On the other hand, Japanese sushi chefs are more like a friendly bartender who interacts and entertains their guests while also suggesting options. They are trained specifically to interact with their customers.
7. Japanese Customers Don’t Mix Wasabi in Soy Sauce.
There are several “sushi sins” that American customers make that affect the quality of their sushi. For example, in Japan, people don’t mix wasabi in soy sauce. The reason for this is that there is already the correct amount of wasabi on the sushi, so there is no need to mix this in their soy sauce.
However, Americans mix their wasabi in their soy sauce and put extra wasabi on their sushi. As a result, Sushi restaurants in America might be inclined to switch their fish used to lower quality because they figure their customers won’t taste the difference anyway.
8. Americans Eat Sushi Quite Often.
In Japan, sushi is reserved for special occasions. While they eat raw fish daily in other dishes such as a tempura lunch, they reserve sushi for occasions like birthdays, anniversaries, and business meetings.
Americans don’t eat at a steakhouse every day, but they do have burgers and steaks more often. It’s the same way in Japan with sushi bars.
9. Japanese Sushi Chefs Take Years to Master the Trade.
Japanese sushi chefs go to school in stages, with at least two years required to reach level 5, which is the lowest level. The student chef needs to learn how to slice the fish properly, make the sticky rice, and know-how to pair it with the correct amount of wasabi.
Once the chef gets to level 5, they are taken as an apprentice under a master sushi chef. After many more years of intensive training, they will reach level 1, which is the highest rank.
American sushi chefs aren’t required to go through that much intensive training. Culinary schools offer 3-month programs, and when the student finishes the program, they earn a certificate.
10. American Sushi Doesn’t Always Have Rice Vinegar.
In certain places, American sushi might not be prepared with vinegar, which doesn’t balance the flavor between the fish and the rice. Fish is a rich food that needs a little acidic taste to balance it out.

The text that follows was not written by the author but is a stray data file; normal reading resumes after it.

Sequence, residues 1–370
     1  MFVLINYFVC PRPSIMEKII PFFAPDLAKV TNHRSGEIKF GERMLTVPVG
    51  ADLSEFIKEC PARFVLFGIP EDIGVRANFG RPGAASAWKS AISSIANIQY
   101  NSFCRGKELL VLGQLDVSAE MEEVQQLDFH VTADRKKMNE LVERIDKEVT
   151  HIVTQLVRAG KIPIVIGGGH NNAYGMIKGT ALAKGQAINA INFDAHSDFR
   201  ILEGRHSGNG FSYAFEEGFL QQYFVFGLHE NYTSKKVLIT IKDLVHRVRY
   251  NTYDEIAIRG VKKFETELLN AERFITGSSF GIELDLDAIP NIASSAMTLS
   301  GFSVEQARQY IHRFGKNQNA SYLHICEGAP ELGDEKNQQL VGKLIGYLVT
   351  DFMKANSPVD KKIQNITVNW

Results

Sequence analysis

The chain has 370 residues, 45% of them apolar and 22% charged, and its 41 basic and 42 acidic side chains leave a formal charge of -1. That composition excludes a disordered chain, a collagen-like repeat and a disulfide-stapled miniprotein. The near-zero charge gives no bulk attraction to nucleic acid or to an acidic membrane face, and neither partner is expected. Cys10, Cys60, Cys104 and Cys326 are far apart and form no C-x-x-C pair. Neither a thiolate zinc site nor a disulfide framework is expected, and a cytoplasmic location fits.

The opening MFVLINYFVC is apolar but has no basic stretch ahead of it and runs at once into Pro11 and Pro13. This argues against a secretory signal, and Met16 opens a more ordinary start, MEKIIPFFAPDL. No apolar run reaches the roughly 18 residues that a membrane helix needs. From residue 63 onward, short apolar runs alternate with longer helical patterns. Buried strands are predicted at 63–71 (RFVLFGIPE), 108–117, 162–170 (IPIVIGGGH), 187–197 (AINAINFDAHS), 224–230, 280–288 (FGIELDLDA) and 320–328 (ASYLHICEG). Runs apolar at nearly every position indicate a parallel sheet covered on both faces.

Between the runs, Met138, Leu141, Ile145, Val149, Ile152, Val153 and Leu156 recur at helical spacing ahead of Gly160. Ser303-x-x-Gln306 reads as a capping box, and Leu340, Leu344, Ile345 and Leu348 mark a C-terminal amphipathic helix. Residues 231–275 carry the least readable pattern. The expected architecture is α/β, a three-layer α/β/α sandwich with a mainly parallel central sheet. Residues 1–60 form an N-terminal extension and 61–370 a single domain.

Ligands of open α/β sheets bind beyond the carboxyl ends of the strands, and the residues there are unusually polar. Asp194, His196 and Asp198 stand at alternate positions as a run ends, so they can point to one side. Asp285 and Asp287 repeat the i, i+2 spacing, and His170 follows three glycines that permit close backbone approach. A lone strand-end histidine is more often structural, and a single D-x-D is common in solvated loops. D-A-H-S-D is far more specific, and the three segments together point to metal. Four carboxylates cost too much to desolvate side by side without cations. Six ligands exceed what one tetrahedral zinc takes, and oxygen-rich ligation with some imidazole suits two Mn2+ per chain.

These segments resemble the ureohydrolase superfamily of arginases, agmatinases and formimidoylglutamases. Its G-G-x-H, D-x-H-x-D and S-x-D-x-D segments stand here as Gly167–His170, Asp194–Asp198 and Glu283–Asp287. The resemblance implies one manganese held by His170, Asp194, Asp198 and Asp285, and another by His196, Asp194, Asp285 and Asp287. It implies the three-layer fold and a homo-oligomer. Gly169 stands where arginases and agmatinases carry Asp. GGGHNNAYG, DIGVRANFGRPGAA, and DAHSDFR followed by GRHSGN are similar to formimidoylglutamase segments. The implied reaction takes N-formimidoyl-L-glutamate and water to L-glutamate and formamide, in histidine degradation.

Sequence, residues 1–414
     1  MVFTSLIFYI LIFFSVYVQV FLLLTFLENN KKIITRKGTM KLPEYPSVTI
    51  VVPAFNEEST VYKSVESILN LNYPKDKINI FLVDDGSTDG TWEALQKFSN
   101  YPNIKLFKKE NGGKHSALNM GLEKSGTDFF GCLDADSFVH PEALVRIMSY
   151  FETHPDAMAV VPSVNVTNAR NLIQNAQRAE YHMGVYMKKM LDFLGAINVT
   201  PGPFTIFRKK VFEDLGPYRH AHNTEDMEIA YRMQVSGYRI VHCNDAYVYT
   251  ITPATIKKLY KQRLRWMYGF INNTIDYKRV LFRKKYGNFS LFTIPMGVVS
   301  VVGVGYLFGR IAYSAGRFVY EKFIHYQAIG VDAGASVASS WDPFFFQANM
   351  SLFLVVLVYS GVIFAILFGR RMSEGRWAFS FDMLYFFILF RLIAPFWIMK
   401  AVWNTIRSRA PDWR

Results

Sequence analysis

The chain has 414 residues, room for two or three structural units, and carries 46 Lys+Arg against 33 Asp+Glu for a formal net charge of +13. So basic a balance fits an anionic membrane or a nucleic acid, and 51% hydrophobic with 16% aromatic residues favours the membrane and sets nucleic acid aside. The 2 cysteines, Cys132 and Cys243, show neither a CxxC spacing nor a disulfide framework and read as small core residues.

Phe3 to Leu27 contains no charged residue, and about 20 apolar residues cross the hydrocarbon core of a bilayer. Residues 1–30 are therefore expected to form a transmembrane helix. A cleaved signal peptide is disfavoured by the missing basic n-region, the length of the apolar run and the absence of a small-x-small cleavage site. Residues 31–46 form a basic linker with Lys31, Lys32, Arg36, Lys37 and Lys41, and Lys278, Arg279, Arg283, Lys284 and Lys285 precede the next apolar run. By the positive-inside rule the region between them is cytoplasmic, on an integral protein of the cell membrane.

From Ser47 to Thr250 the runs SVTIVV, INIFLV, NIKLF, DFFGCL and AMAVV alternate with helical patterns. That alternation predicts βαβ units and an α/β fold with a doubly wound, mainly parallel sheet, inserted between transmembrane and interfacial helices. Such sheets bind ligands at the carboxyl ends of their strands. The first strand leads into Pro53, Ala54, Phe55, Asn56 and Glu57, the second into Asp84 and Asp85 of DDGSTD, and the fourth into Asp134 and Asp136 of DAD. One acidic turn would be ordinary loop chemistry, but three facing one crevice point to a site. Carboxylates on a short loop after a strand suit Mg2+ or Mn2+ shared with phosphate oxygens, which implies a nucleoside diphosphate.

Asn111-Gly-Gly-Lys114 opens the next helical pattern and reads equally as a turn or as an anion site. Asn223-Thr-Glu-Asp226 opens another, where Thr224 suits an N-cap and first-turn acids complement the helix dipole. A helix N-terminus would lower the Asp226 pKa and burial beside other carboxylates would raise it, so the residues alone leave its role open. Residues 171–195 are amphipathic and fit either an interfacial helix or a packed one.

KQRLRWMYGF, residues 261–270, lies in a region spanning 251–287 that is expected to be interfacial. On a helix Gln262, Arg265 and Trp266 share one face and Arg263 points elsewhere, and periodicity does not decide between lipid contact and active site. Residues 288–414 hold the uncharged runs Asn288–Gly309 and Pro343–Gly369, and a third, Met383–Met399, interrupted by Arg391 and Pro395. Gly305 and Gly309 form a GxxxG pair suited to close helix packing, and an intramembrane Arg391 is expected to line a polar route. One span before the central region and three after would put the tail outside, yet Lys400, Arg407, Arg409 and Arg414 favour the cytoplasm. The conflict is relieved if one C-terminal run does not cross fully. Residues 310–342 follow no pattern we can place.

11. Japanese Sushi Has Nori on the Outside.
Traditional Japanese sushi is made by first laying down a seaweed layer, or Nori, on the sushi mat. The sticky rice is spread out next, and then the other ingredients are strategically placed on the rice. Every component is rolled together, using the sushi mat, then cut into individual bite-sized pieces.
However, American sushi is made with the rice spread out first, then the seaweed, then everything else. American customers have come to expect the rice on the outside instead of the traditional Japanese way.
Traditional sushi made in Japan is quite different from that made in America, but there is room for many types of sushi. Which one is better depends on your tastes and how adventurous you are.
American sushi rolls contain many flavors in one package, but Japanese sushi rolls focus on a few flavors so that the fish or vegetables come through clearly. American sushi is also battered in tempura and fried, which can mask the delicate flavors of the fish and rice. But, many Americans swear by the battered and fried sushi.
Neither one is superior to the other, and neither one should be viewed as wrong.